This article is just lightly touching the surface of Gestalt theory; there are plenty of resources online and books on the subject, and I am planning to revisit some of those rules in their own articles. It is widely used in design and psychology, and its tools can be applied across all arts, so there is no reason why we should not consider it as another useful set of tools for photography.

It would be great to see some of your images in the comments where one or more of the Gestalt rules apply, and I would really enjoy hearing your thoughts on the subject. Thank you for reading.

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29 Comments
Tom Reichner's picture

What a great article, Ivor! So well articulated and well thought out. Thanks for that!

I think that depth of field can play a large role in the way our mind groups the things in a photo, and also in how long we spend looking at the various groupings within the frame. Depth of field is one of the tools that we photographers have available to us to influence the way the viewer sees our images.

Ivor Rackham's picture

Absolutely, Tom. Thanks for the nice comment, and what a superb shot. This is a great photo for illustrating proximity, separation and similarity. (I'm not familiar with birds over there. Are they snow geese?)

Tom Reichner's picture

Thanks, Ivor!

These are Ross's Geese. Very similar to Snow Geese, and often the two species are mixed together in the same flocks. But these Ross's Geese are smaller, and more refined looking - no awkwardness about the head and bill that Snow Geese have.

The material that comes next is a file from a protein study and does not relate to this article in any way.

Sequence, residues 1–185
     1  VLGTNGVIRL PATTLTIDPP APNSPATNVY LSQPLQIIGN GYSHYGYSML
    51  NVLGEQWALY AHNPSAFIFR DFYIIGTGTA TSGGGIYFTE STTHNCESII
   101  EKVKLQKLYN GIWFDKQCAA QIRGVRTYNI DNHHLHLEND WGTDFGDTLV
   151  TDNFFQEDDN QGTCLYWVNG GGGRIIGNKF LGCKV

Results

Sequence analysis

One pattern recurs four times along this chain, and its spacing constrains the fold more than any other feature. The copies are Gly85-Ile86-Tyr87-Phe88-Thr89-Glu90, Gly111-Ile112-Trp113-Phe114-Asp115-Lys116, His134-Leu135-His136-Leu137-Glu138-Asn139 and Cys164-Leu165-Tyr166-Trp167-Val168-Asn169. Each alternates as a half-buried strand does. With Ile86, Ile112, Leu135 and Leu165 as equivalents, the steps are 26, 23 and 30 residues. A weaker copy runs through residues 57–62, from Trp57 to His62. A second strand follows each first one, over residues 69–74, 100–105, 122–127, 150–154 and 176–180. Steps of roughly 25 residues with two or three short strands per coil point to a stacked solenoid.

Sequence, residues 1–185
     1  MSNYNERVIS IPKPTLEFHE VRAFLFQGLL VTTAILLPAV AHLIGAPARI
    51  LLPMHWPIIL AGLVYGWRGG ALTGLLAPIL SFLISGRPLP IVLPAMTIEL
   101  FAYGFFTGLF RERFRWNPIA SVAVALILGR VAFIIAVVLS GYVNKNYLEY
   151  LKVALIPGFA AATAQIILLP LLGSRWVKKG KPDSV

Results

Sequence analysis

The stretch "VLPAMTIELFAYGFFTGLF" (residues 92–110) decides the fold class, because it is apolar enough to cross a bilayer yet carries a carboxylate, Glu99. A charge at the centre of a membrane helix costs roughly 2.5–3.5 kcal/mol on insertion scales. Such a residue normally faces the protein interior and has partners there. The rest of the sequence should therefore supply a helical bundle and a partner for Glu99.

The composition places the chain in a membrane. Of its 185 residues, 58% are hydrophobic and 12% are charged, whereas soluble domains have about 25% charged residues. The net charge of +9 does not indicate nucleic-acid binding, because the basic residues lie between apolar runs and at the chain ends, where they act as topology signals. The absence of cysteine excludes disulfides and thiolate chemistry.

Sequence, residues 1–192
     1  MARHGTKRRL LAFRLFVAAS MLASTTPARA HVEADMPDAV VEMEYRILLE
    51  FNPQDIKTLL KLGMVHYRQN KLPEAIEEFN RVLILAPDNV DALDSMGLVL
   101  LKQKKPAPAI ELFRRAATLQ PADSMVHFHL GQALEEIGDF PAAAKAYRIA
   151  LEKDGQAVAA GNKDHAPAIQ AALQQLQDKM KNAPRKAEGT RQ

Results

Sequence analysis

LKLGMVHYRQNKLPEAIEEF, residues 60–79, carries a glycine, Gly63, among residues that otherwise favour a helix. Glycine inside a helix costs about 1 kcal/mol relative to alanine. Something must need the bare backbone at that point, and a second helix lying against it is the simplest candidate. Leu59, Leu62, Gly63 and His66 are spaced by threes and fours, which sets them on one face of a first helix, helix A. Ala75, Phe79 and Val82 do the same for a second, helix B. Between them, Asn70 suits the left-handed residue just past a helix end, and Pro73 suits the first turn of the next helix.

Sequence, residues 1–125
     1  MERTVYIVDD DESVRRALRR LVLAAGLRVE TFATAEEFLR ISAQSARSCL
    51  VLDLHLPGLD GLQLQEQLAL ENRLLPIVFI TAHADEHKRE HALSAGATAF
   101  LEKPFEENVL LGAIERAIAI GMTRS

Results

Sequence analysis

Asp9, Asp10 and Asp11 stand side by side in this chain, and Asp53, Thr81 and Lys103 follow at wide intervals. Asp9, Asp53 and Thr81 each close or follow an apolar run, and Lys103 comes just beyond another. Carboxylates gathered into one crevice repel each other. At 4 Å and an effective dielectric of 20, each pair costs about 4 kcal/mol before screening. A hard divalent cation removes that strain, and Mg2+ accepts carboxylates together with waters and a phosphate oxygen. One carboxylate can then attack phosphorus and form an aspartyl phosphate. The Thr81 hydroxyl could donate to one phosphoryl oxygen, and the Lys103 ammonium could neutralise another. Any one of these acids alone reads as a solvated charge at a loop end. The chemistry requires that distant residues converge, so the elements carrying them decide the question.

A wildlife artist once told me, "if you take everything that is wrong and awkward looking about a Snow Goose, and fix it, you have a Ross's Goose."

Brendan Kavanagh's picture

"Learning the rules of photography is important."
There are no rules in photography.

Rodney Johnson's picture

Not quite. You first learn all the rules of art and photography to the point of second nature. THEN throw away the rule book...

Ivor Rackham's picture

Not sure If I agree with you, Brendan. Getting to grips with exposure, composition, and color theory greatly benefit photographers, and when we learn those we are commonly talking about the rules that apply to them. They could equally be called theories, guidelines, or approaches, but most people call them rules. As Douglas Bader is famously supposed to have said, “Rules are for the obedience of fools and the guidance of wise men.”

Bill Kearns's picture

“Remove the lens cap.”

Mark Tulk's picture

2. Make sure there's film in the camera (trad.), or battery, mem card. 3. Don't drop camera in the ocean. 4. Keep clear filter, lens cap, and lens shade on, cause you're gonna drop or bash camera someday. 5. Don't drop camera. Etc.

Mark Tulk's picture

Thanks for debate, Brendan. Hendrix proved that "no rules for playing guitar", but he hadta have electricity and proper tech, to be heard by us. Replies above infer that it's a matter of words - OK with you to re- phrase "No LIMITS in photography" ??
If you're so over- exposed that you have only a blown-out white frame, or black, isn't that a "rule" ?
It's scientific fact that human eyesight and psychology have traits that affect perception. As Igor replied, these might be called guidelines - leading lines, rule of thirds, etc.

Gary Pardy's picture

Consuming too many gear articles kills brain cells. Fortunately, we also have Ivor's articles :)

Ivor Rackham's picture

Thank you, Gary. That's nice.

shaji maheswaran's picture

Thank 🙏🏻

Ivor Rackham's picture

Thank you!

Isaac Abner's picture

Logged in to tell you this article is great. Thanks!

Ivor Rackham's picture

Thank you, Isaak. That's kind of you.

Timothy Gasper's picture

"Ya know...sometimes ya just gotta say...'To hell with the rules. Just shoot the damn thing'.
TJG

Very nice article sir.

Ivor Rackham's picture

Thanks for taking the time to reply, Timothy

Daniel Ikpeama's picture